Help to make things more fluid, controlling a buzzer and a led with an IR sensor

i am working with a sharp ir sensor that controls the brightness of a led and the Khz of a buzzer, but i feel that this is working a little bit slow, i will attach the code and i hope you can tell me where are the errors, so this sketch could be more fluid, the sketch works fine i just want to make the process faster

here is the code:

int IRpin = 1; //pin for the IR sensor
int pinLed = 9; // pin of the LED
float distance = 0; // variable of the distance between sensor and the objetc

void setup() {

Serial.begin(9600);
pinMode(4, OUTPUT);
pinMode (pinLed, OUTPUT);
digitalWrite(pinLed, HIGH);

}

void loop() {

analogWrite(pinLed , distance); // using the variable distance to control the brightness of the led

float volts = analogRead(IRpin)0.0048828125; // value from sensor * (5/1024) - if running 3.3.volts then change 5 to 3.3
distance = 65
pow(volts, -1.10); // worked out from graph 65 = theretical distance / (1/Volts)S - luckylarry.co.uk

Serial.println(distance); // print the distance

delay(100); // arbitary wait time.

if (distance> 255){ // conditioning the values of distance
distance = 255;
}

if (distance<=30){
distance = distance - 20;
}

buzz(4, distance+30, 850); // buzz the buzzer on pin 4 at 2500Hz for 500 milliseconds
delay(10); // wait a bit between buzzes
}

void buzz(int targetPin, long frequency, long lenght){
long delayValue=1000000/frequency/2;
long numCycles = frequency*lenght/1000;

for( long i=0; i<numCycles;i++){

digitalWrite(targetPin,HIGH);
delayMicroseconds(delayValue);
digitalWrite(targetPin,LOW);
delayMicroseconds(delayValue);
}

}

Looks pretty good, but a few things:

  1. Take out your “arbitrary wait time.” That will slow everything down A LOT!
  2. Try to not use floats. They are slow. Instead, multiply by 5, then divide by 1024. You will get ~same answer, but much faster!

Good Luck!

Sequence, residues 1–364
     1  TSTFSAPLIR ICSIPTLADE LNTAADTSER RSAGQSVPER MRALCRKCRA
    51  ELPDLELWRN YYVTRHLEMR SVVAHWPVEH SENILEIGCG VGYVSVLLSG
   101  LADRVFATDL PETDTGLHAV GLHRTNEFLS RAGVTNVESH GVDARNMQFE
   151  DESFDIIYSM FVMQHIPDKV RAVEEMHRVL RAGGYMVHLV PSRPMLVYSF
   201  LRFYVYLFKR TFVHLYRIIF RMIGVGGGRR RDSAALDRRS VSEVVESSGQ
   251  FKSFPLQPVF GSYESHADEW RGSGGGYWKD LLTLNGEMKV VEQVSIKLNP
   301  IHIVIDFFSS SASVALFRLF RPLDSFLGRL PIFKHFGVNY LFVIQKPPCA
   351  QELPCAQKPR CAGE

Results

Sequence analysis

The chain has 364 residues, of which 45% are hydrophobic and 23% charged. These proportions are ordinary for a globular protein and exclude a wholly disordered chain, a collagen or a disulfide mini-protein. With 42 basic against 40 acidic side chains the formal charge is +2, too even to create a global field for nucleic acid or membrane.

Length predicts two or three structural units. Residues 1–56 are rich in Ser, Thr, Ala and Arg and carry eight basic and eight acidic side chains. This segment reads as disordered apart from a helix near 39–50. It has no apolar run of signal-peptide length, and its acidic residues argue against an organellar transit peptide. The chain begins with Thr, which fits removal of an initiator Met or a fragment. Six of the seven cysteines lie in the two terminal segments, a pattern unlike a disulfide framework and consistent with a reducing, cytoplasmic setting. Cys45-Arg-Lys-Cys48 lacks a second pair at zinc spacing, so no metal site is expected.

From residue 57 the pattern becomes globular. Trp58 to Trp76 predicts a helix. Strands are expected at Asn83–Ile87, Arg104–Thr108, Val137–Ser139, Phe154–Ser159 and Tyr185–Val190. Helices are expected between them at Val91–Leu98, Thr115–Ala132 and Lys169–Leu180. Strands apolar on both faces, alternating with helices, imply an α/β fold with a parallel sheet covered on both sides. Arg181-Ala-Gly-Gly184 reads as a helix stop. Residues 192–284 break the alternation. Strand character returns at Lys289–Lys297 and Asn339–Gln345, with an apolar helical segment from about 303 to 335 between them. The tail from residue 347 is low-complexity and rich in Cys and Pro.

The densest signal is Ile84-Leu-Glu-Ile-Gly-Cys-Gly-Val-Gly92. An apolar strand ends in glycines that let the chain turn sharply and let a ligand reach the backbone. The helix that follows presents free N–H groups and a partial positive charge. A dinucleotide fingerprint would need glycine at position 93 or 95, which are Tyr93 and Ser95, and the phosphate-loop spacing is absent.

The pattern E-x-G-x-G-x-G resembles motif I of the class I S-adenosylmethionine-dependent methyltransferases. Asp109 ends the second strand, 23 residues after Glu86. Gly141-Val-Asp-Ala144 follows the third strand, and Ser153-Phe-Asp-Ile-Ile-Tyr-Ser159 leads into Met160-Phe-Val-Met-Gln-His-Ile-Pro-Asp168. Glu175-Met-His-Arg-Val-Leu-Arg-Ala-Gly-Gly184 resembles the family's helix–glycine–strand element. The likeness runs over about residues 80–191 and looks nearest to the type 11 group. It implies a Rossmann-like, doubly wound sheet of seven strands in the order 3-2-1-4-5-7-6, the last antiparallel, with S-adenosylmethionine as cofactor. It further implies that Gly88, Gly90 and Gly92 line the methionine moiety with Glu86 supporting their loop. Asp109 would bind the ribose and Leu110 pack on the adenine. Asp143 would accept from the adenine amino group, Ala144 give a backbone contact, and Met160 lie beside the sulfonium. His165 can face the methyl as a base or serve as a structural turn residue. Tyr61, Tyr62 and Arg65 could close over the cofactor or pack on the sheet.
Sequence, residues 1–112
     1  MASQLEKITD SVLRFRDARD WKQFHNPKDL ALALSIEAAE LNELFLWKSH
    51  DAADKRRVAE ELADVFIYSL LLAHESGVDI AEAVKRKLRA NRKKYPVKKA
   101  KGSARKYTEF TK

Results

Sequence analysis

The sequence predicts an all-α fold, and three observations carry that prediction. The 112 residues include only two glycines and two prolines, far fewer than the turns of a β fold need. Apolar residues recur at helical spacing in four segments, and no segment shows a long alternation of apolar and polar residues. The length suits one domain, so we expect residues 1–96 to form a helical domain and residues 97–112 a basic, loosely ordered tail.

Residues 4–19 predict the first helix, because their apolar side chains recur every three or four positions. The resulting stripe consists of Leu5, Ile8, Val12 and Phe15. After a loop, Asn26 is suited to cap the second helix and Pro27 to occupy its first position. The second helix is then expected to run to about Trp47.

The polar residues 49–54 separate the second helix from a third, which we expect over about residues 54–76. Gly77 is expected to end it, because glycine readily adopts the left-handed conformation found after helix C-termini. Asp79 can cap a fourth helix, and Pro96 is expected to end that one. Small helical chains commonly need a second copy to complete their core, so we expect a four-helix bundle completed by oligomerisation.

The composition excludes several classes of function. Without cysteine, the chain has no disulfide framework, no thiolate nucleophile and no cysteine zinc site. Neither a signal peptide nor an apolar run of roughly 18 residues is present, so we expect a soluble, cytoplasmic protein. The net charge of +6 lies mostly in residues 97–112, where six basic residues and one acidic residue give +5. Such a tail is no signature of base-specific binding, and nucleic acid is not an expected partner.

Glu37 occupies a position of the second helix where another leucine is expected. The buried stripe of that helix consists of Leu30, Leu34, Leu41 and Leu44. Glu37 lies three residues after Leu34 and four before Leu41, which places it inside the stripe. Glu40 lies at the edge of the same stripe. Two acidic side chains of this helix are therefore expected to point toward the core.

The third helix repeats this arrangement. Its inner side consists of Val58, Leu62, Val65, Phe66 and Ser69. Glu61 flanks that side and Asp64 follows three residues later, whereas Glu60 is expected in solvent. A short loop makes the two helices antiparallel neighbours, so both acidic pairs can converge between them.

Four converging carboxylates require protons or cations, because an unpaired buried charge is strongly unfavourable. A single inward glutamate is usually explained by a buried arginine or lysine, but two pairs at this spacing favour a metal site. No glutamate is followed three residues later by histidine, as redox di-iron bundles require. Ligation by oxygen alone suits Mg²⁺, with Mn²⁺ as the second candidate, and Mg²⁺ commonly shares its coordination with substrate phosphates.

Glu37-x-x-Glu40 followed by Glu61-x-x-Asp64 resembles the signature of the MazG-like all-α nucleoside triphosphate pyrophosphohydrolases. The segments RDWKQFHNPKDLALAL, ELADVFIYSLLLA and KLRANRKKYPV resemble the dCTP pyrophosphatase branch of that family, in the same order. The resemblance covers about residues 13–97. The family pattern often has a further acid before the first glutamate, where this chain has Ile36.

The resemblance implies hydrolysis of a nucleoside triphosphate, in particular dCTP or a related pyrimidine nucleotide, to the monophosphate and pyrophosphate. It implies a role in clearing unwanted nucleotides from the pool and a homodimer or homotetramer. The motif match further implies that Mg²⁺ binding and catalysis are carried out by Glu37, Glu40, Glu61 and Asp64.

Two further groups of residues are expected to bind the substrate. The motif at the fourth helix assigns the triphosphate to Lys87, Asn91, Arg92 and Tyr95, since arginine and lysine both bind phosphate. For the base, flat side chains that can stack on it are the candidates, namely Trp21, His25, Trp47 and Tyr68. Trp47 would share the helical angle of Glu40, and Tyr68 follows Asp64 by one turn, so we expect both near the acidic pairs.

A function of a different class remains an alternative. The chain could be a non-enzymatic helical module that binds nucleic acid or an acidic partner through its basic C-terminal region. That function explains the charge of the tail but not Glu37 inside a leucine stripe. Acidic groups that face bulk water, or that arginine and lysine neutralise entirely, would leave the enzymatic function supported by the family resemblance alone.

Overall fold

baum

i fixed the code, and it works fine but, now that all works fine i cant note any change in the tone of the buzzer, here is the code:

int IRpin = 1; // analog pin for reading the IR sensor
int ledPin = 9; // Led Pin
int buzzer = 4; //buzzer pin
int distance = 0;

void setup() {
Serial.begin(9600);

pinMode(IRpin, INPUT);
pinMode(ledPin, OUTPUT);
pinMode(buzzer, OUTPUT);
}

void loop() {

float volts = analogRead(IRpin)0.00488; // value from sensor * (5/1024) - if running 3.3.volts then change 5 to 3.3
float distance = 65
pow(volts, -1.10); // worked out from graph 65 = theretical distance / (1/Volts)S - luckylarry.co.uk
Serial.println(distance); // print the distance

if(distance<=19) { // this operation is for making the led turn off when it is in the proximity of 3 cm
distance = distance - 18;
}

analogWrite(ledPin, distance-20);
analogWrite(buzzer, distance+94);
}

i hope some of you can share your knowladge and help me out

thanks

I may be wrong... but the tone change in the buzzer is created by changing the frequency of the signal, not the duty cycle. And even then, it seems like you take away a third of the resolution of the PWM signal you output by adding 94 to it. :\

Also, by my calculations,

if AD == 1024 => volts = 5 = > distance = 11,07 => distance = -6,9 => ledPin = -26,9 => buzzer = 87,06 if AD == 0 => volts = 0 => distance = 0 => distance = -18 => ledPin = -38 => buzzer = 76. if AD == 512 => volts = 2,5 => distance = 23,7 => distance = 23,7 => ledPin =3,7 => buzzer = 117,7 So, why not:

if (distance >19)   analogWrite(ledPin, distance);
else   analogWrite(ledPin, 0);

Because that subtraction also affects what the PWM is going to be making it "non-linear". What you can see is that like this you will not use the entire scale of the PWM output. But as far as tone goes, you need to change frequency, not duty cycle. You may notice a difference in volume if you use the entire value range.

I may be wrong

No, you're not!

thanks to all of you :)